Due to very unstable political times that developed in the West Indies in the late 60’s, Dr Bateson and his family moved to Perth, Western Australia working as a Consultant Radiologist in both Hospital and private practices. However keen to further pursue his interest in Tropical Medicine, Dr Bateson then moved with his family to take up a position of Senior Specialist Radiologist in Charge at the Darwin Hospital in the Northern Territory (NT), Australia in 1973. Conditions in Darwin were rather primitive at that time, being in charge of the only X-ray facility with only one X-ray unit for the greater Darwin area with a population of around 40,000. Dr Bateson went onto develop a full comprehensive radiological service to the NT including services to surrounding areas such as Gove and Katherine.

This involved developing and providing a complete range of specialised procedures as well as weekly clinical radiological meetings and lectures to Medical, Nursing and Radiography staff.

Progress was interrupted for a time as he faced another great challenge that of cyclone Tracy on Christmas day 1974. The cyclone devastated most of Darwin including the hospital with only one hospital ward left relatively intact. Whilst his two children and visiting grandparents from the UK were evacuated in RAAF Hercules aeroplanes to stay with friends in Perth. Dr Bateson and his wife remained to assist with rebuilding the devastated hospital services whilst living under extremely difficult circumstances in their damaged home with no roof, power, running water or easy means of communication with his children for over 6 months after the cyclone. It was almost 12 months before the army allowed his children to return to Darwin some sort of normal family life.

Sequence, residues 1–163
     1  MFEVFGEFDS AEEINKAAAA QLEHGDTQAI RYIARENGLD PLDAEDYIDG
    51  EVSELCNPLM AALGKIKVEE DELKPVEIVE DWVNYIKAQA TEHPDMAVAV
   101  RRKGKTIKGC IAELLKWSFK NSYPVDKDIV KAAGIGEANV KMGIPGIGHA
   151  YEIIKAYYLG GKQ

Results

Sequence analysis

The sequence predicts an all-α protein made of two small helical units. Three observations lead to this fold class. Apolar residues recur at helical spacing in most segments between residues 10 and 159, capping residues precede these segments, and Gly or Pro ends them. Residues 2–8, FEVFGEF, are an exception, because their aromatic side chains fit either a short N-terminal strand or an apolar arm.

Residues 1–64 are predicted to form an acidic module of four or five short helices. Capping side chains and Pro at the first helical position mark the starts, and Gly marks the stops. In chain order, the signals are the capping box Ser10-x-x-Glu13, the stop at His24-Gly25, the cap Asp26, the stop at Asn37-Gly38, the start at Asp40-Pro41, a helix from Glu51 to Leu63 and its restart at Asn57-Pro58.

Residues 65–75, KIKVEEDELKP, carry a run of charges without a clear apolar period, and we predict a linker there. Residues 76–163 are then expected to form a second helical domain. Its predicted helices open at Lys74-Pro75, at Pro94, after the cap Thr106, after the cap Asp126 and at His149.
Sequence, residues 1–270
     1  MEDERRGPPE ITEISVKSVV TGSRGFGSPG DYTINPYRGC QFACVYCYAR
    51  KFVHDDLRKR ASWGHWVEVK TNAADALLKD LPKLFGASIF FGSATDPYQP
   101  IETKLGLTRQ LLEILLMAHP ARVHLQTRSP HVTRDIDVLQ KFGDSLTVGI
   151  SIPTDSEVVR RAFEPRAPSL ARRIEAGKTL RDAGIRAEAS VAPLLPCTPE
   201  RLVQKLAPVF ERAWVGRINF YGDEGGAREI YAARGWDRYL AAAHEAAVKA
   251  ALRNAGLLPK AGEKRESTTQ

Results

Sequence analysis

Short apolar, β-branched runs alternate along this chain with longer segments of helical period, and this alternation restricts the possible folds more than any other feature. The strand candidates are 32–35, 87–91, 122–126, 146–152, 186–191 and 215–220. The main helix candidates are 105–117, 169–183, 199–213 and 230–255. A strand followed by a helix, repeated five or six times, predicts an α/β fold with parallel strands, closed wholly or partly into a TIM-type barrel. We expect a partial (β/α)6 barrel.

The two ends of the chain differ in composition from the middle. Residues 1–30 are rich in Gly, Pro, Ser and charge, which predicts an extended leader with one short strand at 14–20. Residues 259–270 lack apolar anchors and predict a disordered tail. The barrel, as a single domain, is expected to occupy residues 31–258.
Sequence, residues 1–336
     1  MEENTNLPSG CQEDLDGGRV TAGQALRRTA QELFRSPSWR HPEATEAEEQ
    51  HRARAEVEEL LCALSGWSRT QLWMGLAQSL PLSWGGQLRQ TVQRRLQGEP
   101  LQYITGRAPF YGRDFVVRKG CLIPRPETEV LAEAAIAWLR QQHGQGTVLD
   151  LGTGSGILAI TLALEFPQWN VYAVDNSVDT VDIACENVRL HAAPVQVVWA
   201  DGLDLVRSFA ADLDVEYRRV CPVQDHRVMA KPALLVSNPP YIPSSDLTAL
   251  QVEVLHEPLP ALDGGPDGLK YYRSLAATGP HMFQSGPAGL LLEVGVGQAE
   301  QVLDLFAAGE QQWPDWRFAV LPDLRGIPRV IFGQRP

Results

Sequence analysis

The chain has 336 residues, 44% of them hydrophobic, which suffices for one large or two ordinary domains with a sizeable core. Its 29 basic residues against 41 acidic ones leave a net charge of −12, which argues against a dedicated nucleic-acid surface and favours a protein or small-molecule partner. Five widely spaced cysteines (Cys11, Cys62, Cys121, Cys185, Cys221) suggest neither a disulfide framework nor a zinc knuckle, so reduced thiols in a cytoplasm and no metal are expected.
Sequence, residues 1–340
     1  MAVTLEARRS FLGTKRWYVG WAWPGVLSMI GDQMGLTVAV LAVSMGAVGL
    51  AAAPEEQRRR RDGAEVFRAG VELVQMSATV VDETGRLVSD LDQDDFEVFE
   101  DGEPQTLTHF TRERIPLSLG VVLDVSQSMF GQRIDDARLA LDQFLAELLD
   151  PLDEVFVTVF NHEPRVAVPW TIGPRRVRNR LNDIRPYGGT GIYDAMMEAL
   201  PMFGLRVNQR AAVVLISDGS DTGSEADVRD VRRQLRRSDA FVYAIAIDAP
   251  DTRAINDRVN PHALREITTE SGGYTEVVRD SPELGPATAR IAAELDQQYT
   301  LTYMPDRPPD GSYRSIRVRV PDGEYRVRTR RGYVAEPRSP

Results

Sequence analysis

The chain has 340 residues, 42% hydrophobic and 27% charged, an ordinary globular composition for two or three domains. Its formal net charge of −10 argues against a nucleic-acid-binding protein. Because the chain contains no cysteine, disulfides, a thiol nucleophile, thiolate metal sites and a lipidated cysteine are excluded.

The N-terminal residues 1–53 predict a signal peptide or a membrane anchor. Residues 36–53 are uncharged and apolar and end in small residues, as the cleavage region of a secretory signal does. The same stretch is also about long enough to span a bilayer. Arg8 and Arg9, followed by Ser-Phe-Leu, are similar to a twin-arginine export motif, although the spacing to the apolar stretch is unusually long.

Following the gradual recovery from the devastation, Dr Bateson continued to further develop medical and radiological services to the NT. This included development and establishment of the first school of radiography in the NT in conjunction with the Royal Melbourne Institute of Technology (RMIT) in 1976. His youngest daughter who was a cadet radiographer at the time was a model for Dr Bateson’s handbook on radiography.

Dr Bateson also instigated the formation of the NT branch of the Australian Medical Association (AMA). In 1980 this was followed up by the planning and operation of the new twelve room radiological department which included CT and MRI in the new Casuarina Hospital (later renamed the Royal Darwin Hospital) built 14km away in Casuarina to accommodate the ever increasing population. Dr Bateson’s contributions to radiologic services to the NT have been documented in the book Australian Radiology – A History. As well as being the recipient of a plaque presented by the NT premier commemorating his services to the NT and being inducted into the hospital hall of fame for a dedication of medical services to the NT.

During his time in the NT, Dr Bateson continued with his research, concentrating on the Medical problems specific to the indigenous community.

Dr Bateson had over 100 publications in medical journals such as the British Journal of Radiology and Australasian Radiology, with some recently republished in electronic form in Wiley online library, Science Direct and Linkinghub.elsevier. Research during this period was a very slow and laborious process as computers and the internet had not come into existence.

In the mid 1980’s looking for a more amenable climatic change Dr Bateson accepted a position in 1985 as Visiting Radiologist to the Maryborough Base Hospital in Queensland, Australia which also included providing services to Hervey Bay and Gympie hospitals. Throughout his busy life Dr Bateson found some time for relaxation though his love of classical and indigenous music, collecting covers of the British West Indies, nature, gardening and swimming in the sea.

Dr Bateson continuing to provide his services to Queensland Health into 1980s’ where after many illnesses he recently passed away after a traumatic battle with Pancreatic Cancer. Dr Eric Bateson’s contribution is aptly summarised by the comments of Dr Trevor Apsimon (past president of the RANZCR) and Dr Harry Hillier from Alice Springs in 1978.

“There are a limited number of radiologists who enjoy world-wide reputations because of their published work. Amongst these there are even fewer whose published work spans wide fields of observation and does not mainly exploit a particular interest... this is Eric Bateson’s contribution to radiology.”